David COX (Birmingham, 1783 - Harborne, 1859)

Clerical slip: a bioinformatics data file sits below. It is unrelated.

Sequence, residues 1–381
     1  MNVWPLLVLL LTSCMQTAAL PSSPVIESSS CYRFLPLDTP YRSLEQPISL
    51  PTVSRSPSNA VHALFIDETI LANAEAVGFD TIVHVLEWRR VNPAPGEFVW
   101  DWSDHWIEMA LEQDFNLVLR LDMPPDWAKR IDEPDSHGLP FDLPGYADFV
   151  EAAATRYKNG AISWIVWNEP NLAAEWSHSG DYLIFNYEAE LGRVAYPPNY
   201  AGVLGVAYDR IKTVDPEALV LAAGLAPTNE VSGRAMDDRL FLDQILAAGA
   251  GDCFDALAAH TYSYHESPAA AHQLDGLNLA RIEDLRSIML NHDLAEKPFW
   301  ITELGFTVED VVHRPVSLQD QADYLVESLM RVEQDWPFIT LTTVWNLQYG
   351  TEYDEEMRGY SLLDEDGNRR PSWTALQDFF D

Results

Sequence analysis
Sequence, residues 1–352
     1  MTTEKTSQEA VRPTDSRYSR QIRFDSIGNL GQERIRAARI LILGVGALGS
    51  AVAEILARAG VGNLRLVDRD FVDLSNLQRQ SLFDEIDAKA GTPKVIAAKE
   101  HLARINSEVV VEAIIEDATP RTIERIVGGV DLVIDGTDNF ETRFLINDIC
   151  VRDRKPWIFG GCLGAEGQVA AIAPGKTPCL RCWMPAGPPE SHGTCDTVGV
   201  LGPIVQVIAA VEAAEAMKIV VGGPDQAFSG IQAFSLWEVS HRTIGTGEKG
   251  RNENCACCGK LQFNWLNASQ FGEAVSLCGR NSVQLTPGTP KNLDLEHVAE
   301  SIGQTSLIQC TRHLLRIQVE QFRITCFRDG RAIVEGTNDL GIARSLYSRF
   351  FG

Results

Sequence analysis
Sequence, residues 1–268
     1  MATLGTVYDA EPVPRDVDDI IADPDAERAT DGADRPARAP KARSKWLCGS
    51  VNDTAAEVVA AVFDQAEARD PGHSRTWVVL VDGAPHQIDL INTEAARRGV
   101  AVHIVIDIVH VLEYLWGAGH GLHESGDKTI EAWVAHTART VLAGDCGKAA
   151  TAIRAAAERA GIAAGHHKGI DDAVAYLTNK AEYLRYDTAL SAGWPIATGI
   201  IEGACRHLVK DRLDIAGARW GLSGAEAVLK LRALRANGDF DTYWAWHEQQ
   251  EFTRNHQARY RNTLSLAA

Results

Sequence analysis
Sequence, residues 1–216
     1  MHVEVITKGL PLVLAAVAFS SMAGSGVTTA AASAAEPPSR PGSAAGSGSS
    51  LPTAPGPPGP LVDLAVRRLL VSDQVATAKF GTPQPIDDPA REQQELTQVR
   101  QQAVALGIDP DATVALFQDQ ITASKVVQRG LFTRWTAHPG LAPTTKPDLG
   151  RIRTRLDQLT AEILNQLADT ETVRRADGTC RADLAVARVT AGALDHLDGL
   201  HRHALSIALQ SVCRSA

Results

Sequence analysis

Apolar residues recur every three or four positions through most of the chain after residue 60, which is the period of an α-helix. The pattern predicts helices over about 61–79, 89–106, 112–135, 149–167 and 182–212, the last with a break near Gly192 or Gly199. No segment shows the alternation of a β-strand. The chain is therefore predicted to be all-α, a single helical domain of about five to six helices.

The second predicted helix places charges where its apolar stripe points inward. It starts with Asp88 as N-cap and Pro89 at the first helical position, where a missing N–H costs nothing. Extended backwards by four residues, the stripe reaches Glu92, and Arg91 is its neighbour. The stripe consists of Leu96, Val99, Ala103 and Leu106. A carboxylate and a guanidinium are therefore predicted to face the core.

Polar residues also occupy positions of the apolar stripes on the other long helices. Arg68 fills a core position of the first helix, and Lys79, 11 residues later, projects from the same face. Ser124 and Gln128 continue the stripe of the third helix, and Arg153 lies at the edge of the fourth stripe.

Among the finest watercolourists in England in the first half of the 19th century, David Cox, Senior, was trained as a theatrical scene painter in Birmingham before settling in London in 1804 and establishing himself as a watercolourist. He trained with John Varley, and exhibited for the first time at the Royal Academy in 1805. In 1813 he was admitted to the Society of Painters in Water Colours, where he exhibited every year but two for the remainder of his long and productive career. In 1826 Cox made the first of several trips to the Continent, visiting sites in Belgium and Holland, but most of his sketching trips were closer to home. Cox was a celebrated teacher and drawing master, and published several technical manuals for amateur watercolourists, including Progressive Lessons on Landscape and Young Artists Companion. A stroke suffered in 1853 left him temporarily paralyzed; although he recovered, his eyesight began to suffer and by 1857 had begun to fail completely. Two large posthumous retrospective exhibitions of Cox’s work, each numbering several hundred works, were held in Liverpool in 1875 and Birmingham in 1890.